Eye Opener: March 10, 2009
Happy Tuesday! Per our friends at GovLoop, today's the final day for all federal employees to share their ideas on making government more open, transparent, and participant. All government employees with .gov, .mil, or .fed.us e-mail addresses can join the conversation here.
Now that the president has lifted the ban on federal funding for stem cell research, "many thought Obama would limit federally funded scientists to working with cell lines derived from embryos destined to be discarded at infertility clinics. Instead, he left that key issue open," reports The Post's Rob Stein. "The task of deciding what kinds of studies will be supported now falls to the National Institutes of Health, which finds itself confronting far more extensive questions than its officials were contemplating. It has 120 days to do the job.
"In anticipation of Obama's decision, the NIH had begun drafting guidelines assuming that funding would be limited to lines from embryos discarded after in vitro fertilization. That is what officials had proposed during President Bill Clinton's administration and what would be accomplished under legislation Congress passed twice and will consider again. But proponents of the research had hoped that Obama's order would be free of caveats, fulfilling his promise to leave such decisions to scientists. Obama cast his decision that way, coupling it with an order aimed at removing politics from scientific decisions across the government."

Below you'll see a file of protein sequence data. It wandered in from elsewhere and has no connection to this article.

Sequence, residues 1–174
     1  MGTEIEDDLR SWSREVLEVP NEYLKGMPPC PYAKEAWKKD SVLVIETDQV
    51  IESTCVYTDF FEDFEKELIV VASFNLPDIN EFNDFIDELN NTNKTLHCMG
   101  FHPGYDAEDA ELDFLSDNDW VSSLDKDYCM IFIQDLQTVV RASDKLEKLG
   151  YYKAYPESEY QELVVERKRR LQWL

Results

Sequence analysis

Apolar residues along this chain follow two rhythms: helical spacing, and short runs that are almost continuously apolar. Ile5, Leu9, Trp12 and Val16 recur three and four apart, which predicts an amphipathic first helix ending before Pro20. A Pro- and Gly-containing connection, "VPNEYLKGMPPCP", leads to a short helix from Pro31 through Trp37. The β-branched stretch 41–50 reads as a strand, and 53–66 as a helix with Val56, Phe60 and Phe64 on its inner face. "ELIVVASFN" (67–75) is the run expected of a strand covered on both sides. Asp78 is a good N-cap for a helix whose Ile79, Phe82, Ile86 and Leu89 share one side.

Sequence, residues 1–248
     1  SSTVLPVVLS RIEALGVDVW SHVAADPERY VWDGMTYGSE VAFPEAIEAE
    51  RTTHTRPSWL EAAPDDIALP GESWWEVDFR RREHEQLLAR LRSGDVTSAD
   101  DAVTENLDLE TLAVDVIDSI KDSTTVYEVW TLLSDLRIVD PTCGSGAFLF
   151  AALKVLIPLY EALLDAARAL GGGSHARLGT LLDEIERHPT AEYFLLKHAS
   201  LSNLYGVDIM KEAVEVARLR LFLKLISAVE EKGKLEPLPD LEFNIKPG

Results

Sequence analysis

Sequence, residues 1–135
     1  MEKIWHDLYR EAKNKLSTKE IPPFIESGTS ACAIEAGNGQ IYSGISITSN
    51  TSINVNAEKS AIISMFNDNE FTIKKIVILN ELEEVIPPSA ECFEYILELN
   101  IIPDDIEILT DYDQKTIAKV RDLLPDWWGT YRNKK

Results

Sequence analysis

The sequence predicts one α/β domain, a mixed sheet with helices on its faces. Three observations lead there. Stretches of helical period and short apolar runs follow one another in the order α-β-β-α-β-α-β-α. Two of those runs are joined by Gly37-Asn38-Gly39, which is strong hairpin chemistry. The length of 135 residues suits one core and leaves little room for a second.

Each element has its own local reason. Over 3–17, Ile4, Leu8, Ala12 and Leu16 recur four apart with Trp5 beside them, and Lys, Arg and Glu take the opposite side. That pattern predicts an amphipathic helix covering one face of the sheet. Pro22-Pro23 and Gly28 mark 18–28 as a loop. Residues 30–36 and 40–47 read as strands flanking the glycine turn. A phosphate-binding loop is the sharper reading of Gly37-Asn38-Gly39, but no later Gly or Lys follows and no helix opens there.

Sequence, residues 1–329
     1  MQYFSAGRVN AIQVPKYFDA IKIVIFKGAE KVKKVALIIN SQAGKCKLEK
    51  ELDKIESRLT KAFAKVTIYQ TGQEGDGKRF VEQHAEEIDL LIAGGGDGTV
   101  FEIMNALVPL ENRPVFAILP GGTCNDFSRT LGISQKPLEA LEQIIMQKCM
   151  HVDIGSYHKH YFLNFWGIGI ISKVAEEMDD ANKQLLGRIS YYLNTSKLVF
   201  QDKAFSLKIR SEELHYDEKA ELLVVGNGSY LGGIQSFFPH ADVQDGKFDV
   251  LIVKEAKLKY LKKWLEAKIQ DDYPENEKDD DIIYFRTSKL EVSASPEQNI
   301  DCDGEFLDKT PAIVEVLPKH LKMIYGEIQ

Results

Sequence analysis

Good luck with that tough decision!
There's another guy with a new tough government job: Earl E. Devaney.
"In 38 years of government service, Mr. Devaney, a hulking former college football lineman and Secret Service man, has been unnerving would-be miscreants," reports today's New York Times. "But now the Big Man, as Mr. Devaney’s colleagues call him, is taking on an incomparably bigger job, tracking a sum 50 times the agency’s annual budget as chairman of the Recovery Accountability and Transparency Board — or as the irresistible acronym has it, RAT Board."
In other news...
• Education Push to Include Merit Pay: The Wall Street Journal's Laura Meckler reports that "President Barack Obama is laying out his 'cradle to career' plan for education" today and "The merit pay proposal would significantly expand a federal program that increases pay for high-performing teachers to an additional 150 school districts" administration officials said.